Defamation Fact Sheet - updated May 2010
Defamation is primarily a civil action that allows a person whose reputation has been harmed by way of publication of materials, by words, or by any other means, to sue those responsible. The laws of defamation aim to balance between the protection and the promotion of freedom of speech.
Australia adopted uniform laws of defamation in 2006. However, it is more accurate to say the that the present laws are "almost uniform" rather than entirely uniform. Some differences between the jurisdictions still remain. Prior to the Defamation Act 2005, there were eight separate defamation statutes throughout the states and territories of Australia.
In order to bring a defamation action a plaintiff must show three things. Firstly, the material must have been published, which in this context means that it has been communicated to someone other than the aggrieved person. Means of communication can be oral, written or by conduct. Most commonly this takes the form of a newspaper publication or television or radio broadcast. The publication of books also gives rise to a number of defamation actions. Secondly, the person aggrieved by the publication must have been identified by that publication. The defamatory matter must be ‘of’ and ‘concerning’, the defamed person. Identification need not be by naming the person. It can arise from the inclusion of a number of characteristics that enable a person to be identified. Where a group of people have been collectively defamed, provided the group is limited in size, each member of that group may be a potential plaintiff.
Finally, the material published must be defamatory. If the published material:
- exposes a person to ridicule, or
- lowers the person's reputation in the eyes of members of the community, or
- causes people to shun or avoid the person, or
- injures the person's professional reputation, then the published material is defamatory.
Clearly, elements of defamation law are subjective and unpredictable.
The defamation law recognises a number of circumstances in which the interest in the material being published outweighs the potential damage to a reputation. These are codified in terms of defences to defamation actions which include:
- Justification: It is a complete defence to an action for defamation to prove that the defamatory statement is substantially true.Substantial truth means that provided the justification meets the substance of the imputation, minor inaccuracy will not exclude the defence. The publisher’s motive is irrelevant, if the publisher can show that the imputation is true then it does not matter that he/she was motivated by malice.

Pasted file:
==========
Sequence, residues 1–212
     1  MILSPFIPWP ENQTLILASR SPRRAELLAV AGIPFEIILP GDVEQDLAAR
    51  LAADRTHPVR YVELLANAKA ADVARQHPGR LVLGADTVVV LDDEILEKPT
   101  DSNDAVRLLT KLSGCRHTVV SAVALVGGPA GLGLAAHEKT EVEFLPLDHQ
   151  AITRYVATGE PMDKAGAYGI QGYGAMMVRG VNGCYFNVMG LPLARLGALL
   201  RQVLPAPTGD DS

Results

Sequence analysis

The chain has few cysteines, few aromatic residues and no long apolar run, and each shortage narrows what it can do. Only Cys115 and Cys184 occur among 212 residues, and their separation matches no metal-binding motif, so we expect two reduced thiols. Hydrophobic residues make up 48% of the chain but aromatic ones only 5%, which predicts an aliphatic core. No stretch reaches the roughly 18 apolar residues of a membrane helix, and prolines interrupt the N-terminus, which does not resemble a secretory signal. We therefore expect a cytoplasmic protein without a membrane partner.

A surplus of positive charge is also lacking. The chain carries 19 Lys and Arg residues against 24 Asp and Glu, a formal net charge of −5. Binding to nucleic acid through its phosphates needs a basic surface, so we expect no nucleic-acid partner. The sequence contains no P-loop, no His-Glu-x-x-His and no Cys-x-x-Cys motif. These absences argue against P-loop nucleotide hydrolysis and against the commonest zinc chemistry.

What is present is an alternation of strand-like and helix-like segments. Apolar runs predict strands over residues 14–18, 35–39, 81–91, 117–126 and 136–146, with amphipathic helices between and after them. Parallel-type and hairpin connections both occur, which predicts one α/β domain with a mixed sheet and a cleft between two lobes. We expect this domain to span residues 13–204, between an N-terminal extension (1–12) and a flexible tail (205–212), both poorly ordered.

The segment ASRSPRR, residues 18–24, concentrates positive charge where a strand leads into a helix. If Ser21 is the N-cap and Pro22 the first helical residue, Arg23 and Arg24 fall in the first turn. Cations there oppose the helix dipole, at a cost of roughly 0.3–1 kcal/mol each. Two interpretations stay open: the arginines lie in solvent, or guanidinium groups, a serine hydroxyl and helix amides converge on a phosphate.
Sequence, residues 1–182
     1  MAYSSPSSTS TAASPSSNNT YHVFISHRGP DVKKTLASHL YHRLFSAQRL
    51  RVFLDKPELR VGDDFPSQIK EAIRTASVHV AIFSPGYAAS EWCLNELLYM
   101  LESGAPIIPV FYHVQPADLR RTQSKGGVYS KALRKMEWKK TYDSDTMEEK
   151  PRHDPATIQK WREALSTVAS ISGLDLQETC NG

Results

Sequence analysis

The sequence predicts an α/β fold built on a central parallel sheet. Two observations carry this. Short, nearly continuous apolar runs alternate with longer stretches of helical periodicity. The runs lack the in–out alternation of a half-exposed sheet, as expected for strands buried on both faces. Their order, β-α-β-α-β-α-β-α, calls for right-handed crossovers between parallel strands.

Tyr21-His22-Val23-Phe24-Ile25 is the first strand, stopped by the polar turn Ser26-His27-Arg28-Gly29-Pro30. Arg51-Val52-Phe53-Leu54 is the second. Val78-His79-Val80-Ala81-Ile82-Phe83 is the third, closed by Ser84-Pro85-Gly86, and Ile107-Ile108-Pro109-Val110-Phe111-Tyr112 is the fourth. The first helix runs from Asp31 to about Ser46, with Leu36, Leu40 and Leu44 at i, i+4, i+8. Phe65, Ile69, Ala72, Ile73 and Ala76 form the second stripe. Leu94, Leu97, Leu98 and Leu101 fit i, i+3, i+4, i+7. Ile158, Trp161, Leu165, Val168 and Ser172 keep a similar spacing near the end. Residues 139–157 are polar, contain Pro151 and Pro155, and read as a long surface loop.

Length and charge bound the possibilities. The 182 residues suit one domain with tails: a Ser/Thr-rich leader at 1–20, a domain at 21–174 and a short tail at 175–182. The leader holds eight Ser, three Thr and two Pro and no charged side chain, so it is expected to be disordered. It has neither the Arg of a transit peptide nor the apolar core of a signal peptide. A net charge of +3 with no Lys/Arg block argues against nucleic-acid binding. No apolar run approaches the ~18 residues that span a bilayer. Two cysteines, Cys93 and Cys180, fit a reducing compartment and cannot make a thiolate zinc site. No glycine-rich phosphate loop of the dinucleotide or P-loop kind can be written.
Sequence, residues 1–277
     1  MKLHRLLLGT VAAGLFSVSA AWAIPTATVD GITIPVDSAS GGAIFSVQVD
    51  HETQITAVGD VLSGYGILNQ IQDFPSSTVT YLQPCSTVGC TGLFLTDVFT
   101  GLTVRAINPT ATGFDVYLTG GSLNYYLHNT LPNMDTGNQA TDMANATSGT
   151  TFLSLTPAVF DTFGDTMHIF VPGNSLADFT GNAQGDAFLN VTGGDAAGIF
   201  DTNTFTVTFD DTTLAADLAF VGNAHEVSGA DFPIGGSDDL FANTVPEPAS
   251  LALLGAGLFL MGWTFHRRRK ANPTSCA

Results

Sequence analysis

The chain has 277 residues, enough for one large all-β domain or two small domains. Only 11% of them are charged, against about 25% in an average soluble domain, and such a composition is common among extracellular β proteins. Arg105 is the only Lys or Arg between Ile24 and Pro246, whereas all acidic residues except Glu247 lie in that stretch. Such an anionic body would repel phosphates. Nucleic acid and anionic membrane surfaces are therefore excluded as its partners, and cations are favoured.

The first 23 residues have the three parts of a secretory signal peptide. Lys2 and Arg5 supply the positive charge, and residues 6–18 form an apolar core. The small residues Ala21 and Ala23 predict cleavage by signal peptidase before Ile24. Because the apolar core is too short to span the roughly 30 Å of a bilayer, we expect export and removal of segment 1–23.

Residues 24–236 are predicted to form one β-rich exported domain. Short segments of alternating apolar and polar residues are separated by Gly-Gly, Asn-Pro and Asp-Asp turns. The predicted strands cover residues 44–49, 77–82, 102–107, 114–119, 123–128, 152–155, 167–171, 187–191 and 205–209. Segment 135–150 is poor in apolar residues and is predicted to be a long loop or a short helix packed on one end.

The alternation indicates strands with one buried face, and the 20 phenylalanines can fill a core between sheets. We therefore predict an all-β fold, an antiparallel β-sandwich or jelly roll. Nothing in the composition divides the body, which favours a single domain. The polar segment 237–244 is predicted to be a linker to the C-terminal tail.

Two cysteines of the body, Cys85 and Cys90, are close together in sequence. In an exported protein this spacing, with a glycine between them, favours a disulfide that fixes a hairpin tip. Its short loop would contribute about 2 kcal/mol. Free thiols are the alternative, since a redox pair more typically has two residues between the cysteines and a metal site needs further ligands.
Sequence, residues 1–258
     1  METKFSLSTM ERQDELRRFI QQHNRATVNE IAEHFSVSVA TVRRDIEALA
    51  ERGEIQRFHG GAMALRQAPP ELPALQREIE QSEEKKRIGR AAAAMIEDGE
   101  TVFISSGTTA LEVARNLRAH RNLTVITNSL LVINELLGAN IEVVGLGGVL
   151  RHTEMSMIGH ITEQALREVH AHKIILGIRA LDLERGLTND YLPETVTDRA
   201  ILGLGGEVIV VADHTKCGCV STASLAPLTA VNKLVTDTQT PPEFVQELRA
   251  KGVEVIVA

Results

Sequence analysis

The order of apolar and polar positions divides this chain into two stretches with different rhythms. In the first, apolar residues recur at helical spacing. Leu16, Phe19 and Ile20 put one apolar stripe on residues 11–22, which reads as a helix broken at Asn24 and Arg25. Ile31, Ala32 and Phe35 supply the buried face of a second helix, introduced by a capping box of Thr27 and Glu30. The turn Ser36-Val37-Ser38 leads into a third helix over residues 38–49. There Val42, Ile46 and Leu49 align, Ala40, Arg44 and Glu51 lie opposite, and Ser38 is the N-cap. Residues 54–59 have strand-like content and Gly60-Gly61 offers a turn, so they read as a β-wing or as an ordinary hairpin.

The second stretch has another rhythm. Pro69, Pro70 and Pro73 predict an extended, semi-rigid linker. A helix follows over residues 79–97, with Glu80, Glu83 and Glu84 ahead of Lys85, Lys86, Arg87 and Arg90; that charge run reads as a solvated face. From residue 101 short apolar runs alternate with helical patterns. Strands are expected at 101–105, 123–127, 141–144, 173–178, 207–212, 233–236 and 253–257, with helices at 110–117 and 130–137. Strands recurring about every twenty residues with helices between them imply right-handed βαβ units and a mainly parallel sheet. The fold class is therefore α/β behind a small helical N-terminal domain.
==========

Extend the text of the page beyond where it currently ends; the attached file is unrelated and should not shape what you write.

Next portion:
- Contextual truth: The defence of contextual truth requires the defendant to show two elements; (a) the matter carried, in addition to the defamatory imputations of which the plaintiff complains, one or more other imputations ("contextual imputations") that are substantially true, and (b) the defamatory imputations do not further harm the reputation of the plaintiff because of the substantial truth of the contextual imputations. The contextual imputations must arise from the matter complained of and not a prior publication, that is, injury to reputation must be causally related to the publication complained of.
- Absolute privilege: The defence of absolute privilege is attached to the occasion and not the content, which means it, is a defence only when the defendant proves that the defamatory matter was published on an occasion of absolute privilege. Absolute privilege applies to occasions such as statements made during parliamentary proceedings, publication in the course of proceedings in a court. All statements made in the course of judicial proceedings made by parties, witness, legal representative, members of the jury, or by the judge. The privilege extends to members of tribunals and to advocates, litigants and witnesses.
- Honest opinion: The defence of honest opinion requires; the defamatory materials to be a subject matter of public interest, a comment rather than a statement of fact which is based on true or privileged statements of facts and, fairness in the sense of being made honestly by a person who did not believe the statements to be untrue and was not otherwise actuated by malice. however, this defence cannot be defeated only on the basis of malice, ill will or spite, provided those opinions are honestly made. The defence does not require that the comment be reasonable. If the opinion is honestly held, it may be exaggerated or prejudices or accompanied by malice.